"I read very widely and was trying to put the pieces together to understand this lifelong question that I had carried. What is the origin of the wrongness in the world, which is presented to us as a series of fragmented isolated atrocities and injustices and horrors -- without any synthesizing narrative that explains why the world is the way that it is? And I really wanted to understand so that I wouldn't be part of maintaining the status quo through pursuing insufficiently deep solutions that may be actually part of the problem. I think a lot of our solutions are part of the problem -- or you could even say our solution templates -- I mean one of them is the war on evil. So, I wanted to -- to get really deep and eventually I came to understand that all of the crises and horrors that we see in the world are an outgrowth of the mythology of civilization. The story of separation is what I call it, which basically says it answers the most fundamental questions that human beings ask. Who are you? Who am I? What is important? How is life to be lived? What is real? What is possible? How does the world work? And our culture answers that in a certain way. And other cultures have answered it different ways."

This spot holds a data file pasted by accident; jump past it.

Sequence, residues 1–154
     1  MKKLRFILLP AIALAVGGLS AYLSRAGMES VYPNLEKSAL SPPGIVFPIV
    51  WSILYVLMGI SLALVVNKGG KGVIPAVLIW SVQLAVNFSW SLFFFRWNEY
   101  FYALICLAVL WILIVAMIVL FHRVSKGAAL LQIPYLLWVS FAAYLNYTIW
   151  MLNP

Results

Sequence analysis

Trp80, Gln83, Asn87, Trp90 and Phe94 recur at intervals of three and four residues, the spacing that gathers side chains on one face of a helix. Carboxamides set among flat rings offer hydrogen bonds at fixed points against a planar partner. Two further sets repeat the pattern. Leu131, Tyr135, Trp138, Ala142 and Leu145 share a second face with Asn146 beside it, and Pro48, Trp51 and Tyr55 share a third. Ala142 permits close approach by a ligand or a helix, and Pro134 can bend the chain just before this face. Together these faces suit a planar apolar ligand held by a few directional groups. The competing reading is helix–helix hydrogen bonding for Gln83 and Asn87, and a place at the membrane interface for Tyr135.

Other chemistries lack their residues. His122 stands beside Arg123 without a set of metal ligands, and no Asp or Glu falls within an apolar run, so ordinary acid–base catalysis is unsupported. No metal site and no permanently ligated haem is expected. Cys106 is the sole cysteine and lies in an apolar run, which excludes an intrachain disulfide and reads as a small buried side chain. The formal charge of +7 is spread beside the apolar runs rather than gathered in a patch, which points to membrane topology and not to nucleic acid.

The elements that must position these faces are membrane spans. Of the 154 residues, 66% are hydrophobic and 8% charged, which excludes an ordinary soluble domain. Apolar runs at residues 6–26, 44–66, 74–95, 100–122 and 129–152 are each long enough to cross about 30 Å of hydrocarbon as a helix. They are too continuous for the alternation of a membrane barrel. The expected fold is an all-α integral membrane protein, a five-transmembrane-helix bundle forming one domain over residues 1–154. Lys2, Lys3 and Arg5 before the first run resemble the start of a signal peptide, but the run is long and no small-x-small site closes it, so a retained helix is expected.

Special Guest: Charles Eisenstein.